Chiropractic was born. Palmer began checking other patients for evidence of misaligned vertebrae and adjusting them. He quickly discovered that many of their ailments were alleviated altogether, after his efforts to reposition the bones. From these observations, and from his own study and knowledge of health, Palmer concluded that good health is the normal, natural state of the body.

When Palmer first opened his office he rented three rooms in the Ryan Building. A few months after the First Chiropractic Adjustment, he added two more rooms. It was not long before he was using eight rooms. By 1892, his business had so increased that he was using eighteen rooms. These rooms were located on the second and third floors. He later exchanged the eighteen rooms for twenty on the front half of the fourth floor. Business continued to increase until he occupied the entire floor of forty rooms.

Palmer knew that he had found how to get the body to heal itself without the use of drugs or surgery, but he did not want to share it with the world, rather he wanted to keep it as a family trade secret. His son, Bartlett Joshua “B.J.” Palmer, (1882-1961) decided on letting the world know about the discovery his father had made and tried to keep secret. B.J. talked his father into starting a school for people to learn the art of chiropractic.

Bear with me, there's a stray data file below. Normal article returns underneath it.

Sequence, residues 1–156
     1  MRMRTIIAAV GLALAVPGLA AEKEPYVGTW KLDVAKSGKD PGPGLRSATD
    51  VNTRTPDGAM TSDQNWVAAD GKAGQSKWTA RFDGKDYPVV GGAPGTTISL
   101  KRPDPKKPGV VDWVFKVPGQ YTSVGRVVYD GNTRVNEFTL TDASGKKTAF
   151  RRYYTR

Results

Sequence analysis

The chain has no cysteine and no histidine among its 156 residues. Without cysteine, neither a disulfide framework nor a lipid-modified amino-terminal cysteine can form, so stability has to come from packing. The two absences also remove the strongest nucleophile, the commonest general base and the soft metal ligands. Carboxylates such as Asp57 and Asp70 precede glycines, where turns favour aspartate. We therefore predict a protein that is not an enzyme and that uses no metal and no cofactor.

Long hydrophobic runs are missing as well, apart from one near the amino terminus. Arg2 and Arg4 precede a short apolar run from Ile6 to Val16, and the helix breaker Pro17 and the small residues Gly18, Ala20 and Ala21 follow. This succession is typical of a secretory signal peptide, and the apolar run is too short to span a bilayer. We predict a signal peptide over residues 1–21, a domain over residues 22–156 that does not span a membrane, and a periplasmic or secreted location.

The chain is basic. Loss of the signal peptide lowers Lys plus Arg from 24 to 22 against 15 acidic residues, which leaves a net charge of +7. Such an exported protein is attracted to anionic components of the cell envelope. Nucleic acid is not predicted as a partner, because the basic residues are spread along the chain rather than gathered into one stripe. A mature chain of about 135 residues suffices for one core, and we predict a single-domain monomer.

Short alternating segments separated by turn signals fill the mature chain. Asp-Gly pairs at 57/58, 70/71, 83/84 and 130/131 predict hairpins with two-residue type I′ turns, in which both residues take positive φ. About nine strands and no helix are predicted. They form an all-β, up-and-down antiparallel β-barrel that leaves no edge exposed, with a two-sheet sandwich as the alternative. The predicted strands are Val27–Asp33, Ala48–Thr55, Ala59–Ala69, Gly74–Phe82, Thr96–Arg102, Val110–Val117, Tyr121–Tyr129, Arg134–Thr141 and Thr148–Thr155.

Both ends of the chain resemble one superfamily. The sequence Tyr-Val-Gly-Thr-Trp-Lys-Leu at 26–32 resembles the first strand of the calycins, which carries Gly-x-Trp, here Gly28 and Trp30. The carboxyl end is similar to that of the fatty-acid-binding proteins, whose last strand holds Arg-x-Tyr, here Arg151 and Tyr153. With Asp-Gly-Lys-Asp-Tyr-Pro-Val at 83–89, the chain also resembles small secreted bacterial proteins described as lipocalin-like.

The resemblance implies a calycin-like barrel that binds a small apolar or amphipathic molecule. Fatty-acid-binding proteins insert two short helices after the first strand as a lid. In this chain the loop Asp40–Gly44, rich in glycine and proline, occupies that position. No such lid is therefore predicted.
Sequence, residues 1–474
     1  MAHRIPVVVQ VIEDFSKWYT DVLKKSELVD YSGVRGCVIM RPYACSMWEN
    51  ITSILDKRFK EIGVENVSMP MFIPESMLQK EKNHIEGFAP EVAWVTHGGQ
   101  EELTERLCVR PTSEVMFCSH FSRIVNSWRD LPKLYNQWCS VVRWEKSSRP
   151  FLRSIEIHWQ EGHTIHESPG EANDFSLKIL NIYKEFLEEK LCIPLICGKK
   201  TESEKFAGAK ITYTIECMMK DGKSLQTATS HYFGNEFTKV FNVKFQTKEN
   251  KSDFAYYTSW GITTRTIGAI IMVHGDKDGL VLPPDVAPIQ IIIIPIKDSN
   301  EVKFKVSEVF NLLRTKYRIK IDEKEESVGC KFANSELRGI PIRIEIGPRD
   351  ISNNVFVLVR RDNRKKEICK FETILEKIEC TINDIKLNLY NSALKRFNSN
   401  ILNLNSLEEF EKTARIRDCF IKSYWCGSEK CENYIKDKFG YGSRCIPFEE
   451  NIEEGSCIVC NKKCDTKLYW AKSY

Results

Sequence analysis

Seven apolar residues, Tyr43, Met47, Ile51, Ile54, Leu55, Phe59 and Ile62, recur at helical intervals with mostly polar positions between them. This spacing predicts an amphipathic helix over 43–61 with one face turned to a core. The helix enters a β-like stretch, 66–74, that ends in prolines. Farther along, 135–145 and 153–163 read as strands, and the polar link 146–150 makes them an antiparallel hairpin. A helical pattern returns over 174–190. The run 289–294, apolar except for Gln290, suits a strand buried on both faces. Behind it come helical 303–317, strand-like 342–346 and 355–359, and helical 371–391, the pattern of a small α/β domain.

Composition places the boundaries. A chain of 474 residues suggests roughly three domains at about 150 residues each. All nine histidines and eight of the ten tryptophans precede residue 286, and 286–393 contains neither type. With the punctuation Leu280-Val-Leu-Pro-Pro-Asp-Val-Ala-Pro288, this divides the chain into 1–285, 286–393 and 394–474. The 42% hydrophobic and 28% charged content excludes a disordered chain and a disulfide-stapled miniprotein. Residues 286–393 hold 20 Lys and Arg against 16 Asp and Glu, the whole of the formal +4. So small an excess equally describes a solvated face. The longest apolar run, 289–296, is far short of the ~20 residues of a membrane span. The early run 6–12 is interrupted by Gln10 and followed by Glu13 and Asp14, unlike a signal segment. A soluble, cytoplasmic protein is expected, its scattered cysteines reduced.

Two years after the First Chiropractic Adjustment, Dr. David Daniel Palmer renamed his clinic the Palmer School & Infirmary of Chiropractic and accepted his first students. In 1898, he founded the Palmer School for Chiropractic in Davenport, Iowa.

Since Dr. DD Palmer’s First Chiropractic Adjustment, the Art, Philosophy and Science of Chiropractic has grown and progressed significantly. Today, advanced chiropractic diagnostic procedures, sophisticated equipment, scientific research, and the growing acceptance among other health care professionals makes chiropractic the world’s fastest growing health care profession.

Today there are over 60,000 practicing Doctors of Chiropractic in the United States.

The Chiropractor’s Adjuster, published in 1910
D. D. Palmer’s Lifeline, by Joseph C. Keating Jr. Ph.D.